14. IDAS-RR: an incident data base system for research reactors

    International Nuclear Information System (INIS)

    Matsumoto, Kiyoshi; Kohsaka, Atsuo; Kaminaga, Masanori; Murayama, Youji; Ohnishi, Nobuaki; Maniwa, Masaki.

    1990-03-01

    An Incident Data Base System for Research Reactors, IDAS-RR, has been developed. IDAS-RR has information about abnormal incidents (failures, transients, accidents, etc.) of research reactors in the world. Data reference, input, editing and other functions of IDAS-RR are menu driven. The routine processing and data base management functions are performed by the system software and hardware. PC-9801 equipment was selected as the hardware because of its portability and popularity. IDAS-RR provides effective reference information for the following activities. 1) Analysis of abnormal incident of research reactors, 2) Detail analysis of research reactor behavior in the abnormal incident for building the knowledge base of the reactor emergency diagnostic system for research reactor, 3) Planning counter-measure for emergency situation in the research reactor. This report is a user's manual of IDAS-RR. (author)

  15. Rates of star formation

    International Nuclear Information System (INIS)

    Larson, R.B.

    1977-01-01

    It is illustrated that a theoretical understanding of the formation and evolution of galaxies depends on an understanding of star formation, and especially of the factors influencing the rate of star formation. Some of the theoretical problems of star formation in galaxies, some approaches that have been considered in models of galaxy evolution, and some possible observational tests that may help to clarify which processes or models are most relevant are reviewed. The material is presented under the following headings: power-law models for star formation, star formation processes (conditions required, ways of achieving these conditions), observational indications and tests, and measures of star formation rates in galaxies. 49 references

  16. Energy production in stars

    International Nuclear Information System (INIS)

    Bethe, Hans.

    1977-01-01

    Energy in stars is released partly by gravitation, partly by nuclear reactions. For ordinary stars like our sun, nuclear reactions predominate. However, at the end of the life of a star very large amounts of energy are released by gravitational collapse; this can amount to as much as 10 times the total energy released nuclear reactions. The rotational energy of pulsars is a small remnant of the energy of gravitation. The end stage of small stars is generally a white dwarf, of heavy stars a neutron star of possibly a black hole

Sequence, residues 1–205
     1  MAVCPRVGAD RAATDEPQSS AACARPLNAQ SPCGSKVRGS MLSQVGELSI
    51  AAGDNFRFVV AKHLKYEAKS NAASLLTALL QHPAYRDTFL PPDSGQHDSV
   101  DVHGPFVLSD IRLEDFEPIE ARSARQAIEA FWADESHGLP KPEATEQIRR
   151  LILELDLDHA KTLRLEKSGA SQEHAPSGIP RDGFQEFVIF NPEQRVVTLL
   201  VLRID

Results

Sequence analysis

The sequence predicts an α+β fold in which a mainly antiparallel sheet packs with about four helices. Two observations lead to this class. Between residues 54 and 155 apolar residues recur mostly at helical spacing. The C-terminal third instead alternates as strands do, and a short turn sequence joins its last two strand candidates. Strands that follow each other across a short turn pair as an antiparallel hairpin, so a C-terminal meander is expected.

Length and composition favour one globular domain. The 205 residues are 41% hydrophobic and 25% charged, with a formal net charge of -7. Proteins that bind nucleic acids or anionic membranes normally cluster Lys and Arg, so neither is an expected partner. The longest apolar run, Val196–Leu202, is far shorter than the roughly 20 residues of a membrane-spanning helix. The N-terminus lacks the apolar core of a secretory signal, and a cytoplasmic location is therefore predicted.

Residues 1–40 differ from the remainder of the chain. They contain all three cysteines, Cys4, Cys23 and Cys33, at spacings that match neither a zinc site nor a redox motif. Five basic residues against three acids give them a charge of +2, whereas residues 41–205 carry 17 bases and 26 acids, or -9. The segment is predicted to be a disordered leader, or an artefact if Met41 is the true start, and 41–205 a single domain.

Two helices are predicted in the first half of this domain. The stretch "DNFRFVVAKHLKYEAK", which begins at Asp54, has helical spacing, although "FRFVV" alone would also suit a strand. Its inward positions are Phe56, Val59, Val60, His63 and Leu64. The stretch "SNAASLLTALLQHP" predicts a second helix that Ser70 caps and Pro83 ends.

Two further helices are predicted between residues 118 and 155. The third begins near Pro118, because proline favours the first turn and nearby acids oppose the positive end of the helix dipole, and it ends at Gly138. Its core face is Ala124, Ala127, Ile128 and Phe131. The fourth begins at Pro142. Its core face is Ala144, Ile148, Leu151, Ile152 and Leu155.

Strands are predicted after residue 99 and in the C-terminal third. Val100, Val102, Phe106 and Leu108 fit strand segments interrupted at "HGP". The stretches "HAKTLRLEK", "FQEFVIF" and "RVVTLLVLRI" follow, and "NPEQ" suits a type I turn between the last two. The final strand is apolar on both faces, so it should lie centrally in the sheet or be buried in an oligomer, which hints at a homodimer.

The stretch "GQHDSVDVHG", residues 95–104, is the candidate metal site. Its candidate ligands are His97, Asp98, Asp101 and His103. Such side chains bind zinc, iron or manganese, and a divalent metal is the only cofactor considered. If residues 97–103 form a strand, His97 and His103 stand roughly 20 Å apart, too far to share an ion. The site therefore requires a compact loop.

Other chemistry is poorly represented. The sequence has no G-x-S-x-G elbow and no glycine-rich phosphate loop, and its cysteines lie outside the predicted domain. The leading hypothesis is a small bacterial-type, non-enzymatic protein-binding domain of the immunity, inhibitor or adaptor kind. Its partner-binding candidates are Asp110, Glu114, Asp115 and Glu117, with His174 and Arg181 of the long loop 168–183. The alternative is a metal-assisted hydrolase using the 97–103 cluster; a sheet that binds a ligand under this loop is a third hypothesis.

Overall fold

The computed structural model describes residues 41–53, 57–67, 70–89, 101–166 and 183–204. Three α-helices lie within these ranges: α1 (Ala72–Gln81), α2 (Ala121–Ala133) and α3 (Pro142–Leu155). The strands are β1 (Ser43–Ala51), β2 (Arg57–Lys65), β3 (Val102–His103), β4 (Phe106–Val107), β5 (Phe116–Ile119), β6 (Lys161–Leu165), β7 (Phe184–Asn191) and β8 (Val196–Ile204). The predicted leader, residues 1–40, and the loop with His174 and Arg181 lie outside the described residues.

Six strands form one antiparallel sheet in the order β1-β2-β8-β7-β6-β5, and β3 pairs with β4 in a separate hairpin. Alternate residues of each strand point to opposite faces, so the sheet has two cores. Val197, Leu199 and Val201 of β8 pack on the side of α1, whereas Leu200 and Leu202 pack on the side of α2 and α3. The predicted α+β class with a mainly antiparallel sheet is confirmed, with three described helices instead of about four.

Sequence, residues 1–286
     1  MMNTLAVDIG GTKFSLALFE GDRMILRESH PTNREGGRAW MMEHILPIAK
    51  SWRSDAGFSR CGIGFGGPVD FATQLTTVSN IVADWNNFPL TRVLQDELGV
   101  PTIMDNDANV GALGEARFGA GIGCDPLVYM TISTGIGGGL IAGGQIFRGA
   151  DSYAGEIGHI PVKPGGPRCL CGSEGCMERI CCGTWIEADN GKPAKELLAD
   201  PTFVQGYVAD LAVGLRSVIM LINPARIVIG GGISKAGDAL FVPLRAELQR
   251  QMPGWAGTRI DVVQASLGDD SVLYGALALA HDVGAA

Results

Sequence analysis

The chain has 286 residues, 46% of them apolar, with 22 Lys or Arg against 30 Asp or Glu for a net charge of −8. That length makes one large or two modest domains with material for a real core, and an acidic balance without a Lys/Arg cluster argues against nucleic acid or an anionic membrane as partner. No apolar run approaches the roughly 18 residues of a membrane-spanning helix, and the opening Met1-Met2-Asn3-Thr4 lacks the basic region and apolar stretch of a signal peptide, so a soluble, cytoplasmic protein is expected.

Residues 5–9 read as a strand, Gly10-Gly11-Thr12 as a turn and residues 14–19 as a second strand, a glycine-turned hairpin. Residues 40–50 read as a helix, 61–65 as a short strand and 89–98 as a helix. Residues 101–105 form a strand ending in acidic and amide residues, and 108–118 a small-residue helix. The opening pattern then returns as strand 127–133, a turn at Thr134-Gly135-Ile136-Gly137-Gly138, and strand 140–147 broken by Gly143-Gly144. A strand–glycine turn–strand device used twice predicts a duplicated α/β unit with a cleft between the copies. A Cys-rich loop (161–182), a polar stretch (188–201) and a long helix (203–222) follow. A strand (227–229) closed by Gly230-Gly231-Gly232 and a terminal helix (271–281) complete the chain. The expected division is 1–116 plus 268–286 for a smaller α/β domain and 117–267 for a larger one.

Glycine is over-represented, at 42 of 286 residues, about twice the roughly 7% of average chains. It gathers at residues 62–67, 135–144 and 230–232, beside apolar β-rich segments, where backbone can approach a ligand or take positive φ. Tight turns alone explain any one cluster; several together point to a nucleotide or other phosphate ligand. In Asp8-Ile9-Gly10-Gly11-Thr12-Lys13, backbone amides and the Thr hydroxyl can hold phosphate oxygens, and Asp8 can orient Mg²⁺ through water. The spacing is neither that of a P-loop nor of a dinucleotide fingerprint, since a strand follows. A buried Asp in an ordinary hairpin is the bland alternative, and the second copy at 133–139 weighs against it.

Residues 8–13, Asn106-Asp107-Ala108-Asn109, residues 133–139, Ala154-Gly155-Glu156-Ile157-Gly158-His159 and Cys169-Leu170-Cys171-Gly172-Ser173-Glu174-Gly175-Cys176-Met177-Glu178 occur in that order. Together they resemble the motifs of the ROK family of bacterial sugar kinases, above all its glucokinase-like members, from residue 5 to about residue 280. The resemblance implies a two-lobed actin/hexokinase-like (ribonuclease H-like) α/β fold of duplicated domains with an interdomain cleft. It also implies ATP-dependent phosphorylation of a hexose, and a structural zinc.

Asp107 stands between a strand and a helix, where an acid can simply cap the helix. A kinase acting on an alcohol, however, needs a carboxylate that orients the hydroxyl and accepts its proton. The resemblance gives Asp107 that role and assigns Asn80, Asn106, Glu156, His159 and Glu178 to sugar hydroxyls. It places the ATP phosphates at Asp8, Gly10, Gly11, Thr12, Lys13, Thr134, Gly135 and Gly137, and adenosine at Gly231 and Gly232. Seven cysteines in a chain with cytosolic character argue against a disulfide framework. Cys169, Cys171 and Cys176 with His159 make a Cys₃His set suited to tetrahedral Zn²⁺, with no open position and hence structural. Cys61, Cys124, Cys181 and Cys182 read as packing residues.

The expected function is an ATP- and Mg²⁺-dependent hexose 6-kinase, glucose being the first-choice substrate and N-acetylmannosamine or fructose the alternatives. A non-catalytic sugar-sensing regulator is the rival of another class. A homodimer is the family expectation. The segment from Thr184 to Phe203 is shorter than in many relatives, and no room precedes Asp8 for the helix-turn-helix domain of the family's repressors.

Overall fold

17. Regular Generalized Star Star closed sets in Bitopological Spaces

    OpenAIRE

    K. Kannan; D. Narasimhan; K. Chandrasekhara Rao; R. Ravikumar

    2011-01-01

    The aim of this paper is to introduce the concepts of τ1τ2-regular generalized star star closed sets , τ1τ2-regular generalized star star open sets and study their basic properties in bitopological spaces.

  18. Quark core stars, quark stars and strange stars

    International Nuclear Information System (INIS)

    Grassi, F.

    1988-01-01

    A recent one flavor quark matter equation of state is generalized to several flavors. It is shown that quarks undergo a first order phase transition. In addition, this equation of state depends on just one parameter in the two flavor case, two parameters in the three flavor case, and these parameters are constrained by phenomenology. This equation of state is then applied to the hadron-quark transition in neutron stars and the determination of quark star stability, the investigation of strange matter stability and possible strange star existence. 43 refs., 6 figs

  19. ENERGY STAR Certified Displays

    Data.gov (United States)

    U.S. Environmental Protection Agency — Certified models meet all ENERGY STAR requirements as listed in the Version 7.0 ENERGY STAR Program Requirements for Displays that are effective as of July 1, 2016....

  20. ENERGY STAR Certified Boilers

    Data.gov (United States)

    U.S. Environmental Protection Agency — Certified models meet all ENERGY STAR requirements as listed in the Version 3.0 ENERGY STAR Program Requirements for Boilers that are effective as of October 1,...

  1. ENERGY STAR Certified Televisions

    Data.gov (United States)

    U.S. Environmental Protection Agency — Certified models meet all ENERGY STAR requirements as listed in the Version 7.0 ENERGY STAR Program Requirements for Televisions that are effective as of October 30,...